The Asian Voice

Worrying trends for the youth of Bangladesh: The Daily Star columnist

Protesters shout slogans demanding reasonable wages and workers' safety during an International Labor Day rally in Dhaka, Bangladesh May 1, 2017.
Protesters shout slogans demanding reasonable wages and workers' safety during an International Labor Day rally in Dhaka, Bangladesh May 1, 2017.PHOTO: REUTERS

DHAKA (THE DAILY STAR/ASIA NEWS NETWORK) -A recent survey carried out by Prothom Alo (a Bangladeshi newspaper) on the youth's perception of the country and their future, brought out some interesting facts about job prospects in Bangladesh.

Although 74 per cent of the respondents expressed overall satisfaction with the economic situation, 82 per cent are unsure about securing a job in today's economy. Given the global recession and a lack of growth of jobs in the country, the bulk of the youths surveyed didn't provide an optimistic outlook about finding meaningful employment.

Their remarks are not off the mark when we look at the data from the Bangladesh Bureau of Statistics (BBS) which showed that sustained economic growth over the past few years was unable to deliver employment opportunities.

Then the question is how much of this economic growth is actually benefitting people where growth is not inclusive. That the bulk of our young people are not associated with any economic activity or any sort of skills development mechanism, leads one to the conclusion that there is a huge gulf between our expectations and the reality on the ground.

Economists have been pointing out that Bangladesh's economic growth has been performing satisfactorily with 6 to 7 per cent GDP growth. However, employment opportunities have not been on par with this growth, which leads one to think that mere economic growth does not automatically guarantee employment. Similar sentiments were echoed by South Asian Network for Economic Modelling (SANEM) in its quarterly review on the Bangladesh economy.

It states that although the economy has performed well, the job market has not grown correspondingly, and hence the conditions of the people have not improved markedly.

Similarly, the Centre for Policy Dialogue (CPD) stated in its discussion on the latest budget that the nation is fast headed towards a great depression to be triggered by joblessness. We now have more than 30 per cent unemployment rate among the educated class.

So we are actually in the midst of a jobless growth where the standard of living for the common people does not improve despite a growing economy.

Bangladesh is experiencing a persistent unemployment problem, which is getting worse by the day. Recent media reports point out that the economy creates only two million jobs every year, but a mere 600,000 new jobs were created during 2014 and 2015.

We have to contend with the fact that investment in the private sector has remained stubbornly low over the past few years, so where will the new jobs come from? Again, policy action remains unclear as to how to boost domestic investment, and regardless of all the hype centring on foreign direct investment, it is obvious that the job sector will get a boost if domestic investment grows.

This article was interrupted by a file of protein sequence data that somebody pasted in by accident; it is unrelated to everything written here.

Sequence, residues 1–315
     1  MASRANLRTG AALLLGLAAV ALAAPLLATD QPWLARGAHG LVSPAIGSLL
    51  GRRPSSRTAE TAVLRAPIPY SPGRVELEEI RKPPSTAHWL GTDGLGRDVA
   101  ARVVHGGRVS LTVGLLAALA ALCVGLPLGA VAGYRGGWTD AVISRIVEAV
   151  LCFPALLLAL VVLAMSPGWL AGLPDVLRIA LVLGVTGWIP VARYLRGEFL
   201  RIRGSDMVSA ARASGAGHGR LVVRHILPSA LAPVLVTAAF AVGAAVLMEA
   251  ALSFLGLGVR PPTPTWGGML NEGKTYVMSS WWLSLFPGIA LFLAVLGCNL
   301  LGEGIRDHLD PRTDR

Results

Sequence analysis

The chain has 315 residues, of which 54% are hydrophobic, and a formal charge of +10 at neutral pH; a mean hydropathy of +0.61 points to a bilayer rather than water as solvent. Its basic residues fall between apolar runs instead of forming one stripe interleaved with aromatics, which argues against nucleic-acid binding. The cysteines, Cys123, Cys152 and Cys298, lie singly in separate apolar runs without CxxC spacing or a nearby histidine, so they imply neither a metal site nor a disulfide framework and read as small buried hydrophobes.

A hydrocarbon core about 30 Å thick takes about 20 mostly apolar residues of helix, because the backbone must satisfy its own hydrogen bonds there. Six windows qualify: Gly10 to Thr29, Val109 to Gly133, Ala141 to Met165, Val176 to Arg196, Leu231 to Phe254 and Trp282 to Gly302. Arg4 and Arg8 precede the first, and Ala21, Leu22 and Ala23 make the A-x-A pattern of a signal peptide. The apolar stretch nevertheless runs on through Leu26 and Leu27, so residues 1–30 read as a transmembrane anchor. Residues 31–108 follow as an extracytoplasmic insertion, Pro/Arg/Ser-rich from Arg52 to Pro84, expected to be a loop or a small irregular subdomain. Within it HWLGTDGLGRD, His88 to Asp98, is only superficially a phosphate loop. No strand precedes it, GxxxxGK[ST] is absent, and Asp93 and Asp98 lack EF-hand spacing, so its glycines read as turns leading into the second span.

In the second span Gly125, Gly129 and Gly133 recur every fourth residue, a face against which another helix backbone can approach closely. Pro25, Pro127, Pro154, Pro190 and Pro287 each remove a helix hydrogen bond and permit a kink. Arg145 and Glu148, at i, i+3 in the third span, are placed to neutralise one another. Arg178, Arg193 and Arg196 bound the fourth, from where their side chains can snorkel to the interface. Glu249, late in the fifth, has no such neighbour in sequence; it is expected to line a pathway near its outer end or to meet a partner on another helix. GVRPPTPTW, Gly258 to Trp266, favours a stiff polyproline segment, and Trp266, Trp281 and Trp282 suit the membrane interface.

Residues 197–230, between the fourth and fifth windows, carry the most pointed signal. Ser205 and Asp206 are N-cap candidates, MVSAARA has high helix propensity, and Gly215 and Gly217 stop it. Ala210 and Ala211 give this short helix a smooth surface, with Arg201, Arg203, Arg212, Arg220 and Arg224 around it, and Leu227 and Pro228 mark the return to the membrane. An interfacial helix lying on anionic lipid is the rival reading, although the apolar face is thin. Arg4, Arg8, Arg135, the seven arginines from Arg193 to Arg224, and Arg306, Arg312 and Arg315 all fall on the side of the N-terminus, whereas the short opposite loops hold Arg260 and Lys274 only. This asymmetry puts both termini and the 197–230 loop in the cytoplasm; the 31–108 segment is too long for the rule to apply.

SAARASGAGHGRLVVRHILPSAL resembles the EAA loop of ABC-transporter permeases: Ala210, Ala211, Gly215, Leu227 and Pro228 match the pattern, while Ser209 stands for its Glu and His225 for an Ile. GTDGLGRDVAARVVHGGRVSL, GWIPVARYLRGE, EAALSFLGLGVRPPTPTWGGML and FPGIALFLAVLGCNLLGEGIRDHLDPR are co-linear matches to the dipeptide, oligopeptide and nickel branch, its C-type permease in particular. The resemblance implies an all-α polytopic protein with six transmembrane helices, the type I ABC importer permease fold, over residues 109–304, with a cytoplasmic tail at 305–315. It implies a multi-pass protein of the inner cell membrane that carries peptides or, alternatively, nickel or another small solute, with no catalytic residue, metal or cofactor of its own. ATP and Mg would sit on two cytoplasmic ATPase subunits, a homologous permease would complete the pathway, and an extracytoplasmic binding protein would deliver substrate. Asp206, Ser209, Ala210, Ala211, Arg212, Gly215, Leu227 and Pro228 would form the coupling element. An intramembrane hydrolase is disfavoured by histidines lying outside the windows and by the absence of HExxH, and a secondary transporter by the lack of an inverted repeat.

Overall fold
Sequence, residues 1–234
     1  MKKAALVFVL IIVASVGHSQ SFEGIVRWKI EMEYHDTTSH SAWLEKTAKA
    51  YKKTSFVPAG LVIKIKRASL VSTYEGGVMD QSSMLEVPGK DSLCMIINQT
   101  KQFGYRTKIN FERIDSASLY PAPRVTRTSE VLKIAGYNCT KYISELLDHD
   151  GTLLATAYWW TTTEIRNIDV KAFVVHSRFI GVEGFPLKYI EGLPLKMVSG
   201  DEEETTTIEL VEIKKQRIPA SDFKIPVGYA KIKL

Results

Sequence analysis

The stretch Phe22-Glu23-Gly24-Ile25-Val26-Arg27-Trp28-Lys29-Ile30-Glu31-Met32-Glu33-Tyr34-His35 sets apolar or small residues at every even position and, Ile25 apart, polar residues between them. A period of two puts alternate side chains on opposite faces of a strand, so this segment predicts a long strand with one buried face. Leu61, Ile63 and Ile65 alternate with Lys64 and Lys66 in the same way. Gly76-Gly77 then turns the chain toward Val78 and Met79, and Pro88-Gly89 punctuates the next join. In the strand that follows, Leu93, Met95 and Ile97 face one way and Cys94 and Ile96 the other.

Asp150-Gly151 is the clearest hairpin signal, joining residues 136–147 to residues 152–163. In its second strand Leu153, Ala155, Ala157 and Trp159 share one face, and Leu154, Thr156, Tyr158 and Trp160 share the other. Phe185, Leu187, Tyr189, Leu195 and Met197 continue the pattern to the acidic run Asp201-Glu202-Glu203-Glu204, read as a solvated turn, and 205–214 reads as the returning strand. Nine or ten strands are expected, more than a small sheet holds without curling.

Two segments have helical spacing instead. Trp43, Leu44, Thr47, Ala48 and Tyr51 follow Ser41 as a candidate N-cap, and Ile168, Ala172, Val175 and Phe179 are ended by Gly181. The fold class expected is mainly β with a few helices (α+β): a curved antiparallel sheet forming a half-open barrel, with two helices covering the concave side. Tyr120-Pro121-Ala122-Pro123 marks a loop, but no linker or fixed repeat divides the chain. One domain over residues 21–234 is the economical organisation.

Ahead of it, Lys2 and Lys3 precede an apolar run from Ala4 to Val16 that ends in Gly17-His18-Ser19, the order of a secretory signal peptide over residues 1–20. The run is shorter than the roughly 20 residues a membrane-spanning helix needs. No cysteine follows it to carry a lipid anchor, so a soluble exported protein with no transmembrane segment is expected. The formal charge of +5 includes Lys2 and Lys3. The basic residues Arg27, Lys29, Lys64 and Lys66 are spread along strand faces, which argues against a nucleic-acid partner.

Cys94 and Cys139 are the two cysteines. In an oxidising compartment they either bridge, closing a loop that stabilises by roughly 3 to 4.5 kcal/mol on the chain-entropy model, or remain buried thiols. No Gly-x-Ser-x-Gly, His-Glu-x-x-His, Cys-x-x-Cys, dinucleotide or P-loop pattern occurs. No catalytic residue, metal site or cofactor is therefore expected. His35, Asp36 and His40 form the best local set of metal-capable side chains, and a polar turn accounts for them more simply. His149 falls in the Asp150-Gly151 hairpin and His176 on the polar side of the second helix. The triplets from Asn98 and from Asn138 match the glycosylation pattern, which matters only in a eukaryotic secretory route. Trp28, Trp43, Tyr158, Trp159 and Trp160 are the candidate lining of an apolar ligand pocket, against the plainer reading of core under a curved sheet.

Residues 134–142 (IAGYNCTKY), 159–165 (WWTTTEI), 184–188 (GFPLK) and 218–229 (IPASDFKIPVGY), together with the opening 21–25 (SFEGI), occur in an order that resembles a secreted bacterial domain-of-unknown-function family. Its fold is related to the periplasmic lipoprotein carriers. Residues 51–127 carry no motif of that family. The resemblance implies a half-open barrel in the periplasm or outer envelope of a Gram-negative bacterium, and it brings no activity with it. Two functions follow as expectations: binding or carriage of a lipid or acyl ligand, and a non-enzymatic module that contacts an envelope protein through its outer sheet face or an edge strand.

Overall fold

Policies need to be undertaken to revamp the skills development sector. Technical education remains below par and the few technical education institutions that we have in the country are not churning out enough skilled workers either for the domestic or the overseas market.

Young graduates have to get used to the idea that not all of them will be absorbed into the formal job sector and many will have to become self-employed. For them to develop entrepreneurial skills, we need to revamp our system of education which does not truly equip them for a life in business.

Education can no longer be limited to coaching-centre-based education and the pursuit of GPA 5 results. It needs to be a knowledge-based pursuit that requires a rethink at the policy level on what is being taught in our schooling system and what should be taught. Young people need to learn to think for themselves and we need to give them the tools for that thought process to begin early on.

There is a host of structural changes that need to be undertaken and those will not necessarily be painless. For a healthy growth in the job market, we will have to undergo serious policy changes in various sectors of the economy. A failure to make these will mean tens of thousands of young educated people joining the ranks of the millions unemployed with little hope for a better future.

Hopelessness is a dangerous thing nowadays, especially in an age of extremism where the tendency of extremist outfits is to draw upon the educated to carry out destructive activities. We do not need to go there. What we need is a wake-up call that will help Bangladesh reap the demographic dividend.

Syed Mansur Hashim is Assistant Editor, The Daily Star.